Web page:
After reading the poem, the teacher provided a brief background to this well-known poem, Jabberwocky, explaining that it as part of a larger book, but that the term jabberwocky found its way into the English language as more generally referring to “meaningless speech or writing.” As such, the teacher provided the students with a challenge for the next class. “I would like each of you to either find or write a short excerpt of what you consider to be a perseonally meaingful piece of writing. What makes a piece of writing meaningful to you? What makes it meaningless to you? Be prepared to read your piece to the class and discuss it.

The quantified boy found himself actually thinking about the assignment. Yet, he couldn’t leave class without asking for clarification about how he would be evaluated. The teacher reminded him of the experiment, which frustrated him and others in the class. “How are you supposed to do well on this assignment with such unclear expectations?” The teacher assured him and others that there will not be an evaluation. There will be a converastion, one shaped by the writing brought and shared by everyone in the class. After a bit of back and forth about expectations, the bell rang and the quantified boy, along with others, left the class a little confused and frustrated.

The Library Encounter

He went online after school and started doing random searches for things like “meaningful writing”, “What makes writing meaningful?”, and “What is the definition of meaingful?” He didn’t find much that helped, so he deided to go “old school”, heading down the block to the local library. This quantified boy knew the library well, being one of his favorite places to study for tests, but he never wandered the shelves before.

He didn’t read books unless he had to for a paper or project. So, it was an altogether different experience to wander the shelves, scanning different titles, pulling a book out, paging through it, and going on from there. He did this for over an hour, wandering from history to biology, carpentry to mythology, parenting and computer repair to archeology, gardening to psychology, politics and poetry to scientology, American novels and philosophy to ethnology. He didn’t read all of these, of course, but what struck him was how much of this never occurred to him before. Very little of this ever showed upon on a past test or as part of a course. Plenty was generally familiar, for sure, but in less than a couple hours, he came across countless ideas that sparked his curiosity. The world seemed a little larger than it was before he wandered those shelves.

I don’t want to overstate what happened to him. It wasn’t like he had some instant, life-changing epiphany. He was still the same quantified boy, but now he tapped into something that he didn’t have much time for in the past, his curiosity. In the past, when he had to write a paper or do a project for a class, he read and learned new things, but he didn’t let himself get too caught up in them. What mattered most was getting the best grade.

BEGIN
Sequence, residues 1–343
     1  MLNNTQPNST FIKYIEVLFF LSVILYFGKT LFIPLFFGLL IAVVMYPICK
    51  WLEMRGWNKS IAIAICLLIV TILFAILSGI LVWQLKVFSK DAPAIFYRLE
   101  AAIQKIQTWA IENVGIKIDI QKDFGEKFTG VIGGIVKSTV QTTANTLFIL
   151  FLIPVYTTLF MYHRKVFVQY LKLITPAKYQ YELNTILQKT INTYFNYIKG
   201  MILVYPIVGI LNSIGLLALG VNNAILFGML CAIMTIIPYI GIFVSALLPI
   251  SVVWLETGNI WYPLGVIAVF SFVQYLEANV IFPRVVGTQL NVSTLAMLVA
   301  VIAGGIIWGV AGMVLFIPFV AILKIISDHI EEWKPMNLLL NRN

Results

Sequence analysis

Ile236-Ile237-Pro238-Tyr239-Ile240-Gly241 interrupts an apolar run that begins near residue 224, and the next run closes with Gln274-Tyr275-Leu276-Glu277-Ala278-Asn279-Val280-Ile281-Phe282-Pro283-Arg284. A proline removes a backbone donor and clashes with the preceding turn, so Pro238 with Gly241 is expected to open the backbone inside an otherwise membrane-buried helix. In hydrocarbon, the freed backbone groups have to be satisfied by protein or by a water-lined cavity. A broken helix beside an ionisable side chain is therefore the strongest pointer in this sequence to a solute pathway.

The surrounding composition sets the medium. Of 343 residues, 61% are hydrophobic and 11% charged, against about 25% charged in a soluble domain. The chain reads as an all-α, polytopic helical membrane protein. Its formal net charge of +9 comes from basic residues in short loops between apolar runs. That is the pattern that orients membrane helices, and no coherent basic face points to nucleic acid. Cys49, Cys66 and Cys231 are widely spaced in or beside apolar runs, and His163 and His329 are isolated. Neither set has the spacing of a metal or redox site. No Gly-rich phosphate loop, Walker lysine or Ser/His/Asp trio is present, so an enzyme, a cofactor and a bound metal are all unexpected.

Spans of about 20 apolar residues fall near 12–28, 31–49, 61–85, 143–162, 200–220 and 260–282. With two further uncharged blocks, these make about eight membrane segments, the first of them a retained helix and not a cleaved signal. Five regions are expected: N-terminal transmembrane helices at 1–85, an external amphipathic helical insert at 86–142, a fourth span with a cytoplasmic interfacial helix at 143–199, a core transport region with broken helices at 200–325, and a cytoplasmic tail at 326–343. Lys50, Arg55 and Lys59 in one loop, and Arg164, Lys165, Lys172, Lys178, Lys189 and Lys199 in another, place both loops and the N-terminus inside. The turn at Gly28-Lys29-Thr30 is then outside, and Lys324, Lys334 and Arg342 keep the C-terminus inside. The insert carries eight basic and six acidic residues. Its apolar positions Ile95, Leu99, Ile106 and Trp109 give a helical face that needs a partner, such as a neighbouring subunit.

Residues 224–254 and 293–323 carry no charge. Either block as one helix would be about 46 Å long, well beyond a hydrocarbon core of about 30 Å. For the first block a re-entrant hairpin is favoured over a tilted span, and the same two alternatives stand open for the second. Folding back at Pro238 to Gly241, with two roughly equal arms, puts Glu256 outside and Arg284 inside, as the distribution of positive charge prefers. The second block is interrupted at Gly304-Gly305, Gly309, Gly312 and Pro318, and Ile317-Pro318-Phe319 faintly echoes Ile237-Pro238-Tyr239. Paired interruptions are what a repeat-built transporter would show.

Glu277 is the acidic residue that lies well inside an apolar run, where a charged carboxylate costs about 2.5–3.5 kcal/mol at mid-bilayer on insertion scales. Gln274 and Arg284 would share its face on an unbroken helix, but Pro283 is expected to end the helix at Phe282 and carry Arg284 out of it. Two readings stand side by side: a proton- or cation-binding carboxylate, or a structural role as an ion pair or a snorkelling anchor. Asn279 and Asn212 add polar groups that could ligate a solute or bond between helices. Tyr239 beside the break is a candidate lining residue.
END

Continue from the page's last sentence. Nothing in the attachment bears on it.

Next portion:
Yet, at this moment, he wasn’t absorbed in figuring out how to get the highest score, mark off all the elements on a provided checklist, get the perfect rubric evaluation, or even competing with his classmates. Surprising even to himself, he thought this assignment sounded sort of fun…albiet part of a larger “stupid experiment.”

The Subtle Change

Nonetheless, he persisted. He found something meaningful to him, shared it in class, and joined in what turned out to be a rather fun an interesting conversation with his classmates. This first “assignment” was just the beginning of what turned into a semester of personal “passion” projects for the students. They read together, laughed together, debated, practicing writing and sharing their ideas with each other. They explored books and ideas that never found their way into past classes. The teacher guided them with lots of questions and ocassional direct suggestions or a slight re-direction. She also introduced them to new ideas and resources, and set them up for group and indivudual explorations. Some learning happened through games and simulations. Some happened through role-playing activites. Others were just groups gathering in a circle and unpacking ideas in a text, or debriefing a recent learning experience together.

By the end of the semester, the quantified boy still loved numbers. He maintained his 4.0, continued his record of perfect test scores in other classes, and preserved his prized first in class ranking. Yet, for one hour a day, he set the numbers aside and let his curiosity take the lead. He read. He wrote. He laughed. He questioned. He explored. He learned. And in the eventings or on weekends, you could even find him hanging out in the library studying for the next test, but with an interesting book nearby, one that he didn’t have to read for any test or course requirement. He read it just because it interested him.